Maybe they thought they were searching for their guilty pleasures in private, those adults at Monona (WI) Public Library combing the shelves for young adult novels. But they didn’t go unnoticed by librarian Toni Streckert.
She welcomed them in, recommended titles and now has created a book club just for them: Grown-ups who know there is not a more sparkling, compelling short read than a well-written teen novel.
“I’m a book pusher. So I’m always recommending” teen lit, said Streckert, outreach and teen services coordinator for the library and an out-of-the-closet fan of young adult books.
“They have some of the most exciting, concise writing,” she said. “Teens don’t have a long attention span, so your writing has to be so crisp, so polished.”
A dozen people showed up for the first meeting of the library’s new teen-book club, most in their 30s to 60s. Only a couple were parents of a teenager, Streckert said. More from Madison.com.
LIS707 – Organization of Information Materials by Cover– 3 credits
Dewey Decimal and Library of Congress classification systems are disregarded in this study that focuses on the concerns and techniques of organizing items by cover and the modern library users’ information-seeking behavior. Concentrates on the understanding and application of this in demand trend, including how to separate colors and the differences between scary and sexy vampires.
more at: http://www.closedstacks.com/?p=3258
Rachael Morrison: Having a job as Senior Library Assistant at The Museum of Modern Art Library has been a big influence on my artistic practice. I use the library for research and inspiration, and as a site of investigation. In early 2010, I began the performance “Smelling the Books“, which consists of me smelling every book in the MoMA Library collection. This performance was recently highlighted in New York Magazine as one of the many reasons to love New York.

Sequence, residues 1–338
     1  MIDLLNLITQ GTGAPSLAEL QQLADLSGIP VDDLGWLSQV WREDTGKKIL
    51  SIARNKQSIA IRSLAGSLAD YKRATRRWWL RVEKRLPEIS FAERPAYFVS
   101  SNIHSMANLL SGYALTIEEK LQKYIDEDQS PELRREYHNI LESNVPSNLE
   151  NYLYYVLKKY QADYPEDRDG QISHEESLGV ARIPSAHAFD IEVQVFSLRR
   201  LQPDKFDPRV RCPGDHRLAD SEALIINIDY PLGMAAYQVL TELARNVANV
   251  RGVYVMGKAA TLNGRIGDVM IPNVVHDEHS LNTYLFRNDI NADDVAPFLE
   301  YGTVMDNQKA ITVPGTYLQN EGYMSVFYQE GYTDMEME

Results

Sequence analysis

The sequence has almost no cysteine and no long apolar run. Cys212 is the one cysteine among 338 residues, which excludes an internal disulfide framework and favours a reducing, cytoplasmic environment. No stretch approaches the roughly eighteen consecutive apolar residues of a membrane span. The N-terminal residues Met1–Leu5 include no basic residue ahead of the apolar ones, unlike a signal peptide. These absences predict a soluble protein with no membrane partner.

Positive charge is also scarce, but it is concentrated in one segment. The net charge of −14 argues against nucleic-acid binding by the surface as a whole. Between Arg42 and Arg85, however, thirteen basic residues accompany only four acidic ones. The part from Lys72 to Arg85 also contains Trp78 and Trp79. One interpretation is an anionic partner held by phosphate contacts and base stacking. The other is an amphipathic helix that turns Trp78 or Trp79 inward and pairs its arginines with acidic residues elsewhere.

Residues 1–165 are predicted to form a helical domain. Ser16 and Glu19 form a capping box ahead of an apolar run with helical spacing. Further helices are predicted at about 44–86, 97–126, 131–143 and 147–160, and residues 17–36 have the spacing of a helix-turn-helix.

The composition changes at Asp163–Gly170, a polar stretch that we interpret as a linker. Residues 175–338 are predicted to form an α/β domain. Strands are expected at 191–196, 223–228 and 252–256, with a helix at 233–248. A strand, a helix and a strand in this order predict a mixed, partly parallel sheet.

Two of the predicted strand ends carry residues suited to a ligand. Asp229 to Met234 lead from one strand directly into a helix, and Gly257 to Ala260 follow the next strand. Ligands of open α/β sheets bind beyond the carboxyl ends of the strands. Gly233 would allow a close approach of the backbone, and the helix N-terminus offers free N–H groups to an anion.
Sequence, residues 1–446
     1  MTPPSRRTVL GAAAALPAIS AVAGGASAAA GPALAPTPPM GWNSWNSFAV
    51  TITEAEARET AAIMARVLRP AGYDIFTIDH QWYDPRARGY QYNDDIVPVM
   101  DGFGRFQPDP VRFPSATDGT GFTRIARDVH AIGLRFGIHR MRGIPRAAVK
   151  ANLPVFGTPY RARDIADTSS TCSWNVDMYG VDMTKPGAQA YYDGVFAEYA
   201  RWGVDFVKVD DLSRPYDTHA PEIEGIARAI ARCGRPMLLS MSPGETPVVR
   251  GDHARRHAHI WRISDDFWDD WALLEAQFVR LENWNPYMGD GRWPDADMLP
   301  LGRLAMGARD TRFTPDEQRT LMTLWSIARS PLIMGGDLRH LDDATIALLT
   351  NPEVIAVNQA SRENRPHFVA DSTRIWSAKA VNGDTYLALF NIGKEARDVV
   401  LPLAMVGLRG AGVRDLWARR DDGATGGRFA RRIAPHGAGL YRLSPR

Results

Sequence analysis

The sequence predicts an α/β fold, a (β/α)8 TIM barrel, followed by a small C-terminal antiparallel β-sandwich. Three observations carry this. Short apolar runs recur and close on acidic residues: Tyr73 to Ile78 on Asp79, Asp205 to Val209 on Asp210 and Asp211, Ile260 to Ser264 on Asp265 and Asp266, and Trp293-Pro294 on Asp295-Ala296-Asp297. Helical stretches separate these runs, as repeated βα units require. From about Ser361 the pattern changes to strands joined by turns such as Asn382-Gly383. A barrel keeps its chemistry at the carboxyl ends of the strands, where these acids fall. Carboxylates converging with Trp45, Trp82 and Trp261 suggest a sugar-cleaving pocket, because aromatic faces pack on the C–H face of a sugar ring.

My performance started with the first call number in the Library of Congress classification system AC5.S4 1934, Sermons by Artists, and I will smell until I reach ZN3.R45, Bibliography of the History of Art. I document the performance in a ledger, recording the call number, title, and a description of the smell of each book. The goal of this personal olfactory exploration is to foster a discussion of the future of print media, the ways we read, methods of classification, and the way in which smell is entwined with memory.
Always interesting reading....
The British Library has launched its new strategy, setting out how it plans to develop its collections and services over the next four years.
Growing Knowledge: The British Library’s Strategy 2011-2015 outlines the UK national library’s key objectives and strategic priorities to the middle of the decade, and emphasizes the need to deliver more for less in a challenging economic climate.
The new strategy follows the publication last September of the Library’s 2020 Vision, which highlighted the key trends and opportunities for the next decade. The 2020 Vision was based upon twelve months of extensive research and consultation; it presented five themes that would help deliver the Library’s ten-year vision of becoming “a leading hub in the global information network, advancing knowledge through its collections, expertise and partnerships, for the benefit of the economy and society and the enrichment of cultural life.”
The Library’s strategy for 2011-2015 contains five strategic priorities, based on the 2020 Vision’s themes:
1. Guarantee access for future generations
2. Enable access for everyone who wants to do research
3. Support research communities in key areas for social and economic benefit
4. Enrich the cultural life of the nation
5. Lead and collaborate in growing the world’s knowledge base